• Gladwyn, Hubert Miles Gladwyn Jebb, Baron (British diplomat)

    Hubert Miles Gladwyn Jebb Gladwyn, BARON, British diplomat (born April 25, 1900, Firbeck Hall, Yorkshire, Eng.—died Oct. 24, 1996, Halesworth, Suffolk, Eng.), helped draft the Charter of the United Nations and in 1950 became Great Britain’s first permanent UN representative. Educated at Eton C

  • Gladys Porter Zoo (zoo, Brownsville, Texas, United States)

    Gladys Porter Zoo, zoological park in Brownsville, Texas, U.S., which has one of the world’s finest reptile collections. Opened in 1971, the 31-acre (12.5-hectare) park is owned by the city and operated by a local zoological society. It was named for one of the daughters of Earl C. Sams, a longtime

  • Glagolitic alphabet

    Glagolitic alphabet, script invented for the Slavic languages about 860 ce by the Eastern Orthodox Christian missionaries Constantine (later known as St. Cyril) and his brother Methodius (later St. Methodius). The two missionaries originated in Thessalonica (now Thessaloníki, Greece), on the

  • Glaisher, James (British meteorologist)

    weather forecasting: Progress during the early 20th century: The British meteorologist Glaisher made a series of ascents by balloon during the 1860s, reaching an unprecedented height of nine kilometres. At about this time investigators on the Continent began using unmanned balloons to carry recording barographs, thermographs, and hygrographs to high altitudes. During the late 1890s meteorologists…

  • glaive (weapon)

    Sword, preeminent hand weapon through a long period of history. It consists of a metal blade varying in length, breadth, and configuration but longer than a dagger and fitted with a handle or hilt usually equipped with a guard. The sword became differentiated from the dagger during the Bronze Age

  • glam metal (music)

    heavy metal: A wave of “glam” metal, featuring gender-bending bands such as M?tley Crüe and Ratt, emanated from Los Angeles beginning about 1983; Poison, Guns N’ Roses, and hundreds of other bands then moved to Los Angeles in hopes of getting record deals. But heavy metal had become a worldwide…

  • glam rock (music)

    Glam rock, musical movement that began in Britain in the early 1970s and celebrated the spectacle of the rock star and concert. Often dappled with glitter, male musicians took the stage in women’s makeup and clothing, adopted theatrical personas, and mounted glamorous musical productions frequently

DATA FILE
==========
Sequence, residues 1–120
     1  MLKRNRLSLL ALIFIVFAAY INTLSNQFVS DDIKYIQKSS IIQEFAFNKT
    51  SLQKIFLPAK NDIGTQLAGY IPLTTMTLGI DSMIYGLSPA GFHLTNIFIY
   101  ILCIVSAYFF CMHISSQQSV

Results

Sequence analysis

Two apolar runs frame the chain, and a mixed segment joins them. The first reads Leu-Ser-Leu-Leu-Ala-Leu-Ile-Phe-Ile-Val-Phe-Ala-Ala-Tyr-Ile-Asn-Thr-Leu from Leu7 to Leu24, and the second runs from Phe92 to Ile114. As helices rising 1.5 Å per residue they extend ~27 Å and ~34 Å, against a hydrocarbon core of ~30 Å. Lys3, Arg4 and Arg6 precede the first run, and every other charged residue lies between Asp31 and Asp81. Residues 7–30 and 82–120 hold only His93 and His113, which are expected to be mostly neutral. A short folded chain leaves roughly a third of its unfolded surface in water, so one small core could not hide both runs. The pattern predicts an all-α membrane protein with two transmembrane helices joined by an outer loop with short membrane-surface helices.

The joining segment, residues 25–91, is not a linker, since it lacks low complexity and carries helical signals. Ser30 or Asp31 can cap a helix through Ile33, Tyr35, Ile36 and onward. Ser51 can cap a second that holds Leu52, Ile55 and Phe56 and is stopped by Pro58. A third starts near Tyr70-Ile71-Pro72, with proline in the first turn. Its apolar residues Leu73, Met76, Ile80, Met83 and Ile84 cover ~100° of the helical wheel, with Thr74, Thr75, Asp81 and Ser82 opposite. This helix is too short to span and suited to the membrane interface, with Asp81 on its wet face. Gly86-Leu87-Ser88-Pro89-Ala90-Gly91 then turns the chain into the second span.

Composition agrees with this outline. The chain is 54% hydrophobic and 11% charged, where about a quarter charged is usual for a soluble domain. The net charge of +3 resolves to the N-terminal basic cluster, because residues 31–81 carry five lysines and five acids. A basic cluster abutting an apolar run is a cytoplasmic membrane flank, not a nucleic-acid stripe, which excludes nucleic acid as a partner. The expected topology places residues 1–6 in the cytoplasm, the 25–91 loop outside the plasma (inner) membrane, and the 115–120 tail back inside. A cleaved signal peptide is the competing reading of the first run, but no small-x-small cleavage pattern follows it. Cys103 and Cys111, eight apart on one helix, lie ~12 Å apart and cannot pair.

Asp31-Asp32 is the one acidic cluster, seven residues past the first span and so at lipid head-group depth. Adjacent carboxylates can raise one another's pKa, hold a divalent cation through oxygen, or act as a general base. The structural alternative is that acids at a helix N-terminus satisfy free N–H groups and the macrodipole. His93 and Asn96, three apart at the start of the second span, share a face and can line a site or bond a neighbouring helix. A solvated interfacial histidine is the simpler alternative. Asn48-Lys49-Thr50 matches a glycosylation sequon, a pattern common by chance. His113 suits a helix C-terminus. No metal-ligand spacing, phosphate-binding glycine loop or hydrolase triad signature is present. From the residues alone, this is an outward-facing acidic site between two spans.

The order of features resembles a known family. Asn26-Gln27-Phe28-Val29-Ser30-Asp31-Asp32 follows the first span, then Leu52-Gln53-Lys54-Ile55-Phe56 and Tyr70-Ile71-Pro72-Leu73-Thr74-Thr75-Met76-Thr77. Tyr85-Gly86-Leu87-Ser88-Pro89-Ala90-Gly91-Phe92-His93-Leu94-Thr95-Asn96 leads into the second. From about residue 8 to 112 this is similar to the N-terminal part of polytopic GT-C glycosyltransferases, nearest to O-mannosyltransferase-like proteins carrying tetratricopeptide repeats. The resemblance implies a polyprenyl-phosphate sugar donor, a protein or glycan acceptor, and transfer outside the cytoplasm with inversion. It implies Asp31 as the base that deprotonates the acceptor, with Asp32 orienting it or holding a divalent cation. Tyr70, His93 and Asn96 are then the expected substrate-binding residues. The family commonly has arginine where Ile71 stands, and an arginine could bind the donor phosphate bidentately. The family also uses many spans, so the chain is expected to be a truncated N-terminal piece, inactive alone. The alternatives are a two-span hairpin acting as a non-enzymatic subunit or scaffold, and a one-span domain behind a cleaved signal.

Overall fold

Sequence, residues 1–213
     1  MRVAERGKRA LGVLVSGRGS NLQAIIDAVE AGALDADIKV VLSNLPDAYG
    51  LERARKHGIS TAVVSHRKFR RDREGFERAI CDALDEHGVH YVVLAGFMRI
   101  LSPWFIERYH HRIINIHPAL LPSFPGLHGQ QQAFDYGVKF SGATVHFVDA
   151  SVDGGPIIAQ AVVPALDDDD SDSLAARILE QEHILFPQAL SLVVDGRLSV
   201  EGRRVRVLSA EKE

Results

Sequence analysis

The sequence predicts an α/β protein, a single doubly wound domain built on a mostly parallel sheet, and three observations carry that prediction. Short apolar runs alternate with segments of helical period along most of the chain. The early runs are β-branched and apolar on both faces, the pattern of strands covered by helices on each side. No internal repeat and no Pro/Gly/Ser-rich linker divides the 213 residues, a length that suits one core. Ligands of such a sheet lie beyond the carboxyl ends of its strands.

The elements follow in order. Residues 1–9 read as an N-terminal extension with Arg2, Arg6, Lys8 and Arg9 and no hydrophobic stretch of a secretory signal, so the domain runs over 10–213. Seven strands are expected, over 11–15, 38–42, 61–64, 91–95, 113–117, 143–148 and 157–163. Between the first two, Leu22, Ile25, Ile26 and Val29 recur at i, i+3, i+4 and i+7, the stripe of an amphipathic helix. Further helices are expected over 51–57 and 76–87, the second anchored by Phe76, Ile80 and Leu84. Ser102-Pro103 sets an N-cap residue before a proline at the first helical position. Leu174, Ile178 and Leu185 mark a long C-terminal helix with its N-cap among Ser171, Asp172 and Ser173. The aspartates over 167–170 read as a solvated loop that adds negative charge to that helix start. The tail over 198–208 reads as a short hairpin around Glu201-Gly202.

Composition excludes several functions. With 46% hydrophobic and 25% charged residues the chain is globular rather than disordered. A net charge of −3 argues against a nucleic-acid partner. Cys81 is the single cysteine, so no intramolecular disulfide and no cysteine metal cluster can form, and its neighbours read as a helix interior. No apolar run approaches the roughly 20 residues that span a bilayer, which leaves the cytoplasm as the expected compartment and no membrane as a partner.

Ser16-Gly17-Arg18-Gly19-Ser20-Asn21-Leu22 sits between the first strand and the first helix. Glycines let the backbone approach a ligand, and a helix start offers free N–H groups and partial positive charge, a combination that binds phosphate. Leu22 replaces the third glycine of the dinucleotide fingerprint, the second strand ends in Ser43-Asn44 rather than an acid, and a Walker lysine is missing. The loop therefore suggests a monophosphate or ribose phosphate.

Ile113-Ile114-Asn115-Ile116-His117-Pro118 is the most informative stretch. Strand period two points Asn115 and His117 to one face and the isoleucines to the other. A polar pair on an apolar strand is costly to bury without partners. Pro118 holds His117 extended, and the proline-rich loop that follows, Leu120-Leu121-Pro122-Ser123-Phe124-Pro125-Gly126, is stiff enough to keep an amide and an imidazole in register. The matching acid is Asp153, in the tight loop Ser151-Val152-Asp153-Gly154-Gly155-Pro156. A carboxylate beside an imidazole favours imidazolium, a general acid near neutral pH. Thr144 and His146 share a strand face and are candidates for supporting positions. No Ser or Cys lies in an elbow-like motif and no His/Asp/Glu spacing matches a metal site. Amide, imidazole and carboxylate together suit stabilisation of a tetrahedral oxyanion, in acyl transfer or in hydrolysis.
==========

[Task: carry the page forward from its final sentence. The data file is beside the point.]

• Gl?ma (river, Norway)

    Glomma, river, eastern Norway. Rising in a series of small lakes and streams that drain into Aursunden (lake) about 80 miles (130 km) southeast of Trondheim, near the Swedish-Norwegian border, the Glomma flows out of the lake southward through ?sterdalen (Eastern Valley) to Kongsvinger, then

  • Glamis (Scotland, United Kingdom)

    Glamis, castle and village in the council area and historic county of Angus, eastern Scotland. The present castle, a fine example of Scottish Baronial architecture, dates from the late 17th century, though the site is believed to have been occupied since the 11th century, when the Scottish monarch

  • Glamis, Sir Thomas Lyon, Master of (Scottish rebel)

    Archibald Douglas, 8th earl of Angus: …Mar and the master of Glamis, and sentence of attainder was pronounced against all three. The rebels fled to Newcastle, which became a centre of Presbyterianism and of projects against the Scottish government encouraged by Elizabeth I of England. They returned to Scotland in October 1584 and secured from James…

  • Glamorgan (historical county, Wales, United Kingdom)

    Glamorgan, historic county, southern Wales, extending inland from the Bristol Channel coast between the Rivers Loughor and Rhymney. In the north it comprises a barren upland moor dissected by narrow river valleys. Glamorgan’s southern coastal section centres on an undulating plain known as the Vale

  • Glamorgan (British ship)

    naval warfare: The age of the guided missile: …and damaged the destroyer HMS Glamorgan (June 12), presaging more strikes from land in future maritime wars. Third, the British relearned lessons of damage control and ship survivability, while the Argentines found that aircraft armed only with unguided bombs were outclassed by ships with surface-to-air missiles. Fourth, and perhaps most…

  • Glamorgan, Earl of (English Royalist)